FINLAND - Approximately one-third of Finns would like to retire early but do not believe they will have the money to do so, research from Nordea Bank has revealed.

The survey of more than 1,400 Finnish people, aged between 50-64, revealed uncertainty about personal finance issues is influencing retirement plans, as most Finns want to retire at the official retirement age of between 63-68. 

But while one-fifth want to keep working as long as possible, the results show approximately one-third of workers would prefer to retire early.

Findings from the research - conducted by Synovate on behalf of Nordea - revealed men aged between 50-54 are most eager to retire, as they are attracted by more leisure time for hobbies, although more than half of respondents claimed stress was a key reason for considering early retirement.

Tarja Svartström, economist at Nordea, said: “The closer the retirement age, the later Finns plan to retire. Women want to retire later than men. This may be because the financial realities register with you when you are close to the retirement age. On the other hand, women’s pensions are lower for many well-known reasons.”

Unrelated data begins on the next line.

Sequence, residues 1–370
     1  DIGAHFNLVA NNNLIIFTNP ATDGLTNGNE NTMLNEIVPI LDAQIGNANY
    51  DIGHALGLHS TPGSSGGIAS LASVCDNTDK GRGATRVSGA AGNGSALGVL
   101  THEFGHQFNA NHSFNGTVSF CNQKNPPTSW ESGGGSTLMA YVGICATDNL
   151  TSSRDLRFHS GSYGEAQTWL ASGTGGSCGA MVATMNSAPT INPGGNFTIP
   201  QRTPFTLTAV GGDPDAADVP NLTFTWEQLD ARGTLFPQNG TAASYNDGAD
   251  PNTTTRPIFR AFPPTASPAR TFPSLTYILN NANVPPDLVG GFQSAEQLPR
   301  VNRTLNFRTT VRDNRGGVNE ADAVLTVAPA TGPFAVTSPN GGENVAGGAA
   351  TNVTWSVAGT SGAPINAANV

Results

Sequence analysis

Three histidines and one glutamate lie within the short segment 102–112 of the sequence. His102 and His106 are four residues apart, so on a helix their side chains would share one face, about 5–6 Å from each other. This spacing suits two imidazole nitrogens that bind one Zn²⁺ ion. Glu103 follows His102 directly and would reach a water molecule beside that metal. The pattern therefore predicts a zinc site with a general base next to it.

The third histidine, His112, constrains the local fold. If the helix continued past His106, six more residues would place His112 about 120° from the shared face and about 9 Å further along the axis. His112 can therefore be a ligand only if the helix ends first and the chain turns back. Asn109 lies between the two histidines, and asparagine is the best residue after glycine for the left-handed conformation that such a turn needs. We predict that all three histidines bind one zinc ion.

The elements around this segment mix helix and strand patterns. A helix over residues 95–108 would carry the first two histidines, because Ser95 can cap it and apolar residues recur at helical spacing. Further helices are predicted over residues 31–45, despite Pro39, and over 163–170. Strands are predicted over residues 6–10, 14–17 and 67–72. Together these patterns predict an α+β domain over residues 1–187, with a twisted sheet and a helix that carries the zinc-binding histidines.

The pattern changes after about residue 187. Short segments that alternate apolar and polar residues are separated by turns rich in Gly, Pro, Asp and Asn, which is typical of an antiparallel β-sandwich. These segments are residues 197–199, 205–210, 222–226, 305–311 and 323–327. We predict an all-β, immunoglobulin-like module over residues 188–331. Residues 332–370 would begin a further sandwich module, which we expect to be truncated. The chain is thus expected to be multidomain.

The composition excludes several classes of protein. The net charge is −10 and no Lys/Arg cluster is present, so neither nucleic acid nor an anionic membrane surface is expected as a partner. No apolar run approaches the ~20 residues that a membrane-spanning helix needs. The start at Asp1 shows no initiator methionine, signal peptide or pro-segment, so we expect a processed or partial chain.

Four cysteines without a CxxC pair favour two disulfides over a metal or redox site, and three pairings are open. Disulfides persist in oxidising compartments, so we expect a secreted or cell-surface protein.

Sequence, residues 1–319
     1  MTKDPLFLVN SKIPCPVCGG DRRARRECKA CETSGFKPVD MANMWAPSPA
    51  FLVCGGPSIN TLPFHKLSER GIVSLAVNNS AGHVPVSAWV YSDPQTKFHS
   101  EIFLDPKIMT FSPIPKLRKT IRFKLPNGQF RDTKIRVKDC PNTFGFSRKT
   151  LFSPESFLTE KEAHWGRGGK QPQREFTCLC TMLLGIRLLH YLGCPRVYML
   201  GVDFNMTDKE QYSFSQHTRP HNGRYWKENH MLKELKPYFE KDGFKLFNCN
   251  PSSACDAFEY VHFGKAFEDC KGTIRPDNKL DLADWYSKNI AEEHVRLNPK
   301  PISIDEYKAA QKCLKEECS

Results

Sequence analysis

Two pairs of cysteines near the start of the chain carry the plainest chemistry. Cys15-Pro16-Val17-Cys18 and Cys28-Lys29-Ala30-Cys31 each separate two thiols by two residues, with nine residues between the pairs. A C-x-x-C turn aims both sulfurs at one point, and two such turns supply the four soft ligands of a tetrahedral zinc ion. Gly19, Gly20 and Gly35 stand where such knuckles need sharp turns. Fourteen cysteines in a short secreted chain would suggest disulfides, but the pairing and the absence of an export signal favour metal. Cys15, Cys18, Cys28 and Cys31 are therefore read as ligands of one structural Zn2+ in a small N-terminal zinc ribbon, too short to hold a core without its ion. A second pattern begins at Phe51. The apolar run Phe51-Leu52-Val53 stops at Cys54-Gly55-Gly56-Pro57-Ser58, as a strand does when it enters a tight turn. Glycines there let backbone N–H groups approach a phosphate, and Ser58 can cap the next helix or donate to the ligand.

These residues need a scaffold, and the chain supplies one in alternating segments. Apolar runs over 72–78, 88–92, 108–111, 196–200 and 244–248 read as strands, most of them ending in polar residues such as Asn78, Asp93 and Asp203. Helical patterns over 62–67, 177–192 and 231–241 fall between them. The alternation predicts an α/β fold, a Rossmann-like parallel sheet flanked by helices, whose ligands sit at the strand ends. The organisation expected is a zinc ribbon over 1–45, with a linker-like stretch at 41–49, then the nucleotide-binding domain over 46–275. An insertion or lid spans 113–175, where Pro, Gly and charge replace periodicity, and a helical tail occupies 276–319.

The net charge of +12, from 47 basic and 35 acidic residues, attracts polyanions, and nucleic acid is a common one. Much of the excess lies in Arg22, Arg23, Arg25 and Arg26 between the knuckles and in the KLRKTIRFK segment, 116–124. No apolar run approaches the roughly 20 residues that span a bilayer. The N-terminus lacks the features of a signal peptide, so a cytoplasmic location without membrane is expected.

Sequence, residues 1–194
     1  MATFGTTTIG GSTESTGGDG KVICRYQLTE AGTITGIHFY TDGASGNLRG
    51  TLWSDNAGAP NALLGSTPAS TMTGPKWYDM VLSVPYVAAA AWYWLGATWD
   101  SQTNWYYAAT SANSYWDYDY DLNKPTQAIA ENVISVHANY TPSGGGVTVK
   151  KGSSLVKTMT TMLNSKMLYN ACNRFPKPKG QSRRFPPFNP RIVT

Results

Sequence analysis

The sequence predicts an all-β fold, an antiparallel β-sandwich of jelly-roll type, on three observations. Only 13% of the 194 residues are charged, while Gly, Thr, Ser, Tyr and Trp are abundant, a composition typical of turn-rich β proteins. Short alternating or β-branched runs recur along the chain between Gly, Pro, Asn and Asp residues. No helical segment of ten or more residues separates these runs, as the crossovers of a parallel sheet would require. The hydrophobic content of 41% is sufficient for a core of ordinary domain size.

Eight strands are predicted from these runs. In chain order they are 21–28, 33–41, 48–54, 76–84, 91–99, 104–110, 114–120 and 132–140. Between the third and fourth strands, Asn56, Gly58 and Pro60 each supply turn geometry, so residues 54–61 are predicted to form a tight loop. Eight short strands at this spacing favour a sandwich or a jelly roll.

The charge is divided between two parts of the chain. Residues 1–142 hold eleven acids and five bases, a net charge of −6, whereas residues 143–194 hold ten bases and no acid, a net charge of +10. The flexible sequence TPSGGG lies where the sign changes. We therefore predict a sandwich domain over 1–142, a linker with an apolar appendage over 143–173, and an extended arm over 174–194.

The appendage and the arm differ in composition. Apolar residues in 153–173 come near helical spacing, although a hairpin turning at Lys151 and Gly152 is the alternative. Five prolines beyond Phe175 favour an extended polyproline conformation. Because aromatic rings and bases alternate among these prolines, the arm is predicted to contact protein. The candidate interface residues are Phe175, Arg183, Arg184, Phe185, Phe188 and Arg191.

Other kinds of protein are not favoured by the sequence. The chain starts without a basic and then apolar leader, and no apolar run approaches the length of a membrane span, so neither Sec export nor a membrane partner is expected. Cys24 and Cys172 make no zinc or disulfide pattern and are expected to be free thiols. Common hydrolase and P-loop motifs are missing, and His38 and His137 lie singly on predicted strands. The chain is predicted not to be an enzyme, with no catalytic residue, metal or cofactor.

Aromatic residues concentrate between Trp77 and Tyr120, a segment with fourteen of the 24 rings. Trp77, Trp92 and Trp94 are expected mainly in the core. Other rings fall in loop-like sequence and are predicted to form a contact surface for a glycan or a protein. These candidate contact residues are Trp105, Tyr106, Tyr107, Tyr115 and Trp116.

The survey, which also interviewed around 3,300 citizens of other Nordic countries, noted the main concerns for people approaching retirement are health and financial situations, while the most popular retirement dream is the ability to travel.

In addition, findings showed Finns are more inclined than other Nordic people to keep working until the official retirement age, as almost a third of Finns wishing to retire early do not believe they will have enough money to do so.
In particular, the research revealed one-third of Finns aged between 50-64-years-old consider their financial situation to be worse than they had imagined it would be at this age than when they considered it at the age of 30.

Svartström said one-fourth of the Finns surveyed regret either not saving for retirement earlier or not saving enough,and suggested the survey results are a “good reminder” to younger people and those who will be surprised by the estimated pension stated in the pension records that are about to be mailed out.

However, the research also revealed approximately 25% of 50-64 year olds regularly save money for their children every month, while a further 15% save regularly for their grandchildren, as the majority of Finns claimed it is better to distribute money during their lifetime when they can decide how much to give and to whom, and to also spend their savings on their own dreams rather than leaving an inheritance.

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